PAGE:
Imagine being so exhausted, you can't summon the energy to stand up, make a cup of tea or walk along a road. Ian McAuley, 55, did not have to imagine.
A fortnight after catching a heavy flu in 2002, the teacher was racked with acute fatigue and muscle ache.
He did not know it at the time, but he was showing the early symptoms of Myalgic Encephalopathy (ME), otherwise known as chronic fatigue syndrome.
An estimated 250,000 people live with ME in the UK, a painful and debilitating neurological illness characterised by overwhelming exhaustion, sleep problems and joint and muscle pain.
In its most severe form, it can leave sufferers house or bed-bound for decades, with some having to be tube-fed.
When Ian was told by his doctor that there was no cure and that the condition was likely to stay with him for about two years, he went into shock.
"The thought of that being the minimum amount of time for the illness to run its course was quite trying," says Ian, who is head of humanities at Kelvin Hall School in Hull. "The severity varied from day to day. Sometimes I couldn't get up or drive short distances in the car."
In fact, it was more like three years before Ian started to feel better, but he is well aware that ME is unpredictable and could return at any point. During his illness, he made every effort to go to work as normal, although he had to have more non-contact time, which he spent sitting in a chair trying to recharge his batteries.
Action for ME, the charity and support group, is attempting to reach more men with the condition as part of this month's dedicated awareness drive.
Figures indicate that there are 80,000 men with the condition in the UK. A further 16,000 British men are thought to be undiagnosed - partly because they are less likely to go to the doctor, and partly because ME is wrongly considered a "female" illness. As such, it takes more than a year for 87 per cent of men with ME to be correctly diagnosed.
Ian was lucky enough to have an early diagnosis - a crucial factor for a quick recovery - but it was still a huge effort to stay on top of a notoriously tiring job.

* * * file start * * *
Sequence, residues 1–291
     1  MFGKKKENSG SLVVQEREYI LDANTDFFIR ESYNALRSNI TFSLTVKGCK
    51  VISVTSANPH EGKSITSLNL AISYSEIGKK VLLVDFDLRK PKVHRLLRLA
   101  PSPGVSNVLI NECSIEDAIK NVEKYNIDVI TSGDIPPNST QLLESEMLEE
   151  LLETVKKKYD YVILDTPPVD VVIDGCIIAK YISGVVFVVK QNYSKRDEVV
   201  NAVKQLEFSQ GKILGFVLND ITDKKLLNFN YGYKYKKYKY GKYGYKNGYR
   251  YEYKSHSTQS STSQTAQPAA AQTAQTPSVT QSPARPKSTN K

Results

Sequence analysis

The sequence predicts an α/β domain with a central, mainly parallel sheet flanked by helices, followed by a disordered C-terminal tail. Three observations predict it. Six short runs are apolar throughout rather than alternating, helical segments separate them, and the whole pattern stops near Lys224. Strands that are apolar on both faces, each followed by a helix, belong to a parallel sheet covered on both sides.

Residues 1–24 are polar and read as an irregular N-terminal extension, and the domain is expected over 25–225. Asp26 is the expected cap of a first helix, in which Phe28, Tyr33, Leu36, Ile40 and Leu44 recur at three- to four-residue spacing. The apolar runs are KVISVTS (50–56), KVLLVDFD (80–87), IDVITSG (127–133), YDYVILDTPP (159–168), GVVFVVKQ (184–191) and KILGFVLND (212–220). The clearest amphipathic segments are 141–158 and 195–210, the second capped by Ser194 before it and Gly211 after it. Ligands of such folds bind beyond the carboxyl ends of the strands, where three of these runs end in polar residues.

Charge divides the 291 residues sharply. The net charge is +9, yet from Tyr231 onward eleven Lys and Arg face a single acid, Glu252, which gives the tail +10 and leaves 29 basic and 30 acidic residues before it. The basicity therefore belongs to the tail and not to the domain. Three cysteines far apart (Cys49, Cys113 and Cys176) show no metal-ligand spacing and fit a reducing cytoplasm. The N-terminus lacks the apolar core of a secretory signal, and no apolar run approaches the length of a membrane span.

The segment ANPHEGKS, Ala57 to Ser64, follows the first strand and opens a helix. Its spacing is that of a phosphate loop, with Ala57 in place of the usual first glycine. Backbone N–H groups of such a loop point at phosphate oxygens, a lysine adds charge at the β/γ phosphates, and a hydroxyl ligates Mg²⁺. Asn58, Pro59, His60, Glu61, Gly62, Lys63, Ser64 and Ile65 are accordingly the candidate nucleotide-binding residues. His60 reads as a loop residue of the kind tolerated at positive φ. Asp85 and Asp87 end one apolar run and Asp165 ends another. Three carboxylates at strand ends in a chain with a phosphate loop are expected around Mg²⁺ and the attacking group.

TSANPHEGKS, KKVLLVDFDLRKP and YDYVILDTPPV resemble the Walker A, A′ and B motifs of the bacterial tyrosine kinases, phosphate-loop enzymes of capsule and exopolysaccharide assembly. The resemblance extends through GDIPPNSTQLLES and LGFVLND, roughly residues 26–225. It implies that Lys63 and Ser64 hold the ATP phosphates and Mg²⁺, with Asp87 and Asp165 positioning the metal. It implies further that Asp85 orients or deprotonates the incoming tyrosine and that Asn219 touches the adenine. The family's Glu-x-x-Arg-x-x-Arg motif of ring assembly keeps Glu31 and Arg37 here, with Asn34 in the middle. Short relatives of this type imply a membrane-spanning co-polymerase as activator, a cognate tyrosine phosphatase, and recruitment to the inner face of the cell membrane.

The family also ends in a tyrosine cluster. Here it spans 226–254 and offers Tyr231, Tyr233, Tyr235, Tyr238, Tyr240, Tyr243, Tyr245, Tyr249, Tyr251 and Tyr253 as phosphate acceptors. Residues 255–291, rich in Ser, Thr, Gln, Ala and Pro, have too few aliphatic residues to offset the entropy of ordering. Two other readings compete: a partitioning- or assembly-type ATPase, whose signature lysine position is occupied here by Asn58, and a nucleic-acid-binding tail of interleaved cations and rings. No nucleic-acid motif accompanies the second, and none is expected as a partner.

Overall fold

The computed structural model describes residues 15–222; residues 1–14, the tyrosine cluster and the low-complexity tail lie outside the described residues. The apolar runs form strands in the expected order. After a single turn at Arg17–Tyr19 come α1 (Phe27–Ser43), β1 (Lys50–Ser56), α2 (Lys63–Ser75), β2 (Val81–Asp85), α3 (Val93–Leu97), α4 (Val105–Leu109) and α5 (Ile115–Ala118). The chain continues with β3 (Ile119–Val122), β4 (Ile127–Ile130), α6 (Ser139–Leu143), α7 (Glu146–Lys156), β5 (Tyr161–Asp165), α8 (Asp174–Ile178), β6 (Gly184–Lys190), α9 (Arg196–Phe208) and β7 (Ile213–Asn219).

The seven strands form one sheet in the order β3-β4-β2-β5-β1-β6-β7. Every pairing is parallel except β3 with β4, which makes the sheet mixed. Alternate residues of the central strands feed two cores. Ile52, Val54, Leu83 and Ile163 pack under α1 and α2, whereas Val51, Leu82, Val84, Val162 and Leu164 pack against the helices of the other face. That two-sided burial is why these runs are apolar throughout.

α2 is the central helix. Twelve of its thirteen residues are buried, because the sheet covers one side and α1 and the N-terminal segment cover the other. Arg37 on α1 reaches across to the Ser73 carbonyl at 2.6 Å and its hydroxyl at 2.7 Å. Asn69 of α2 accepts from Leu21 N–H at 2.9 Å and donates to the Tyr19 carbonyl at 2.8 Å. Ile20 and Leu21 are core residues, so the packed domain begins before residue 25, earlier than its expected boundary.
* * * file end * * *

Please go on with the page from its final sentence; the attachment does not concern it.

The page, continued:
"I was adamant that I didn't want to just sit at home while my classes had a succession of supply teachers," he says. "Most of my colleagues were very supportive and understanding, so it was just about manageable."
However, he did get some negative feedback, mostly from people who misunderstood the illness as solely psychological. "I got some comments like: 'We're all tired, what makes you so special?' while others made me feel like I was a burden on my colleagues. I do feel that a younger or less experienced teacher would have caved in and gone on long-term sickness leave, which would have meant a drop in salary."
Joint and muscle pain.
Digestive and bowel problems.
Difficulty with body temperature control.
A disturbing inability to understand, focus or concentrate.
The causes of ME are still unclear, although there are some predisposing factors:
Women are more prone to the condition than men.
About one in 10 people develop ME following a viral infection.
It can also be triggered by pesticides, vaccinations or toxins in the environment.
Physical injury or an operation can occasionally lead to ME.
Facts and figures
There are approximately 250,000 people living with ME in the UK.
About 25,000 people develop ME each year in Britain.
The illness usually develops between your early twenties and mid-forties, but can also affect children. See www.afme.org.uk or www.meassociation.org.uk.